Eddy Cue: If Apple creates iPhone backdoor, criminals and terrorists will get in

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Eddy Cue, Apple’s senior vice president of Internet Software and Services, has defended the Cupertino company’s fight against the FBI in a new interview with Spanish-language news outlet Univision.

Cue insists that Apple isn’t “against the government,” but warns that creating a backdoor to iPhone and other iOS devices will allow criminals and terrorists to get into them.

“The Government wants more security than anyone,” Cue said during the interview, which was conducted in Spanish and translated by Apple shortly after, according to The Verge.

“The Secretary of Defense (Ashton Carter), who is responsible for the NSA, wants encryption to continue getting more and more secure. Because he knows that if we create some way to get in, criminals and terrorists will get in. They don’t want that.”

But Apple says that the FBI wants both worlds — maintained encryption and the ability to hack into an iPhone when necessary — which it firmly believes does not exist. “You either have security of you don’t have security,” Cue added.

Cue doesn’t believe that the FBI is viewing an iPhone backdoor as a benefit to hackers, but he and Apple insist it will be. They also believe that this case will set a precedent that will lead to more unlocks later on — and not all will be for terrorism cases.

“These aren’t going to be terrorism cases, they are going to be all sorts of cases,” Cue said, referring to the more than 200 iPhones held in New York City that law enforcement agencies want access to.

“Where does this stop? In a divorce case? In an immigration case? In a tax case with the IRS?”

Cue believes that if access is granted to the iPhone 5c used by San Bernardino shooter Syad Farook — which has sparked this whole Apple vs. FBI battle — then judges will allow access in other cases, including immigration.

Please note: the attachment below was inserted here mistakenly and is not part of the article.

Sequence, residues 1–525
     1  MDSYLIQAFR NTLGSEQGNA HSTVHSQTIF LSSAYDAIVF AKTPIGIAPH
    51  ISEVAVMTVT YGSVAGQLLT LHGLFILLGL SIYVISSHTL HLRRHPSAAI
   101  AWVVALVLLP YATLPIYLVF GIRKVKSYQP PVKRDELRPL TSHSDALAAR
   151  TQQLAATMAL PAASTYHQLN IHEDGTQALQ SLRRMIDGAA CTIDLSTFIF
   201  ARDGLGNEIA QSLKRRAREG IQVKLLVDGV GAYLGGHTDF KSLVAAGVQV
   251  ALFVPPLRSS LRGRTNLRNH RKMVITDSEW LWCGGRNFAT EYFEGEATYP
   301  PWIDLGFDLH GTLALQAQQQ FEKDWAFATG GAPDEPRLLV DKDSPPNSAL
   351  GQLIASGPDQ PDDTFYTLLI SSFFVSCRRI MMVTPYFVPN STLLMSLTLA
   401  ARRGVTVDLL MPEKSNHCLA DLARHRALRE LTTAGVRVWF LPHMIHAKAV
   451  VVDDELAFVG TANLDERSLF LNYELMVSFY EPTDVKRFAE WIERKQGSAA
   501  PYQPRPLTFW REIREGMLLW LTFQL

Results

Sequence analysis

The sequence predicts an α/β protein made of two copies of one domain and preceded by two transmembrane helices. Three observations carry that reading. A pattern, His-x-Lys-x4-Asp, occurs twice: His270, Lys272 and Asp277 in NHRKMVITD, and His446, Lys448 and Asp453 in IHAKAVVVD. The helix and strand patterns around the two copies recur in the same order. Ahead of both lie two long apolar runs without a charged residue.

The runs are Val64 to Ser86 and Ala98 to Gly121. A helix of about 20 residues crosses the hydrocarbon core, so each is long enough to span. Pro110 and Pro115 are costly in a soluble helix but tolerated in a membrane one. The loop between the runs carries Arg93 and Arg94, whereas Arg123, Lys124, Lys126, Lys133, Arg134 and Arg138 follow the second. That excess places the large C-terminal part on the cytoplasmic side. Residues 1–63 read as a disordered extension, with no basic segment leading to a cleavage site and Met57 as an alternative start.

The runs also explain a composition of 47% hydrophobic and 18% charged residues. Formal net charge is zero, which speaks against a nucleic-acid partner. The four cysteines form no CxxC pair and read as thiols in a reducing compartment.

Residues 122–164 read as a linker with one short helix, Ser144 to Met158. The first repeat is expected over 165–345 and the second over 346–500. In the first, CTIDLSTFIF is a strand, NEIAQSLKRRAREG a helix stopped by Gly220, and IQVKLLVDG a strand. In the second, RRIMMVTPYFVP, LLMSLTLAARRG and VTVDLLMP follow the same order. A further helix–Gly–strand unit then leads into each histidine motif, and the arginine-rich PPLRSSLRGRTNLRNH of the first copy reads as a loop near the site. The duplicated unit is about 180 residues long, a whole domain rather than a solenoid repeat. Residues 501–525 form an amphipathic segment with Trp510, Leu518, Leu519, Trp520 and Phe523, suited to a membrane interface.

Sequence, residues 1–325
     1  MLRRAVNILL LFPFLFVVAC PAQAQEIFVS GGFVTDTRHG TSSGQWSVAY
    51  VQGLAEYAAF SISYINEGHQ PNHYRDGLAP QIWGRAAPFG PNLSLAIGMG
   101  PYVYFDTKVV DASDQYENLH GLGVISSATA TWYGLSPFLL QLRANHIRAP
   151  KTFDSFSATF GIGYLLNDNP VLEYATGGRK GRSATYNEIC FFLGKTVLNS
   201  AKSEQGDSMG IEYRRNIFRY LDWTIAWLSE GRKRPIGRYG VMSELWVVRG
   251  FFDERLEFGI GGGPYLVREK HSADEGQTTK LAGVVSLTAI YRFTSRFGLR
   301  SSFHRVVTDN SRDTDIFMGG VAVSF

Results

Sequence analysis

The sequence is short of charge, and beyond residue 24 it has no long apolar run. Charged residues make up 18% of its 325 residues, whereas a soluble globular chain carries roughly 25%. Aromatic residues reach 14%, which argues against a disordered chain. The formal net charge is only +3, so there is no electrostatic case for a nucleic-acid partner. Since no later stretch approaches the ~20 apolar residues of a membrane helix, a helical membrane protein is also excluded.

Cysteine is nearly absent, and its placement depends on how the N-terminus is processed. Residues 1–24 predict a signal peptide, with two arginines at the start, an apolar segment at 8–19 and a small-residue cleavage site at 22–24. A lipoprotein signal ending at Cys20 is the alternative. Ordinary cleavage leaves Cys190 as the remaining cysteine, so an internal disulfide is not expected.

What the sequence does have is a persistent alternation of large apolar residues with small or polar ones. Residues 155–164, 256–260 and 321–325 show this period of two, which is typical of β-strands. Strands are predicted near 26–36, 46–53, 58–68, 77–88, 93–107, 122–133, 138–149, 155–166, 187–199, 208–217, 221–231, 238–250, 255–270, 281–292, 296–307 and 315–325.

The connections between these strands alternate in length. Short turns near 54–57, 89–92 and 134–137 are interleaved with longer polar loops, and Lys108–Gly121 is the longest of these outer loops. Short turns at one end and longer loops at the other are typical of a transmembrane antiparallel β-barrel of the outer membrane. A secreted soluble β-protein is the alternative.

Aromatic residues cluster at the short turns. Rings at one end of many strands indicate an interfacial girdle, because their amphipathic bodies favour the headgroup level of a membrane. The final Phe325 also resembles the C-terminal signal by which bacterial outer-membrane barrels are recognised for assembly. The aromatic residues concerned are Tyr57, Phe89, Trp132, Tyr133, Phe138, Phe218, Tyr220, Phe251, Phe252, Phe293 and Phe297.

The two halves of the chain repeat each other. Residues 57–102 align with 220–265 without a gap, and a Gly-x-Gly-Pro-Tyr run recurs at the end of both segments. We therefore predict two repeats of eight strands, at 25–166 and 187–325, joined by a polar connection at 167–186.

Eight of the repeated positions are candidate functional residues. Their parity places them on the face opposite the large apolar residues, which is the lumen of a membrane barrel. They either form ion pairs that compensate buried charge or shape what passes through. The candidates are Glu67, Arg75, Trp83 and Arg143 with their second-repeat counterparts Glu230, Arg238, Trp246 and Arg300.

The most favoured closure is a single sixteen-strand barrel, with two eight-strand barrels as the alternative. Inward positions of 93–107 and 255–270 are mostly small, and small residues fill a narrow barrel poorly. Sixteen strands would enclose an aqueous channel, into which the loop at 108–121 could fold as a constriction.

“My parents came to this country for the same things, to have civil liberties, democracy. [This] is a very, very big case, about what the government can do,” Cue said. “And to give such amounts of force to the government is not a good thing.”

Reiterating Apple’s mission to block bad actors, rather than the FBI, Cue said, “The best way to think about this is Apple engineers against terrorists, against criminals. We are not protecting against the government. We want to help.”

Apple has already stated that it will take this case to the Supreme Court if it’s necessary, but Cue believes it should be decided by Congress, and that all U.S. citizens — who will be affected by the decision in some way — “should be a part of what is done here.”

Cue also pointed out that the government has a tendency to leak sensitive data. “In recent years, the government has lost more than five million fingerprints from government employees,” he said.

“They have lost hundreds of millions of credit numbers from financial institutions. This problem is happening more and more and more. And the only way we can protect ourselves is to make phones more and more secure.”

Apple CEO Tim Cook and vice president of software Craig Federighi have already spoken out about Apple’s battle to protect iOS, and the privacy and security of its millions of users around the world. Apple co-founder Steve Wozniak has also backed the fight.

But this is a fight that will rage on for some time yet, and no one can really predict how it’s going to end.

[Univision via The Verge]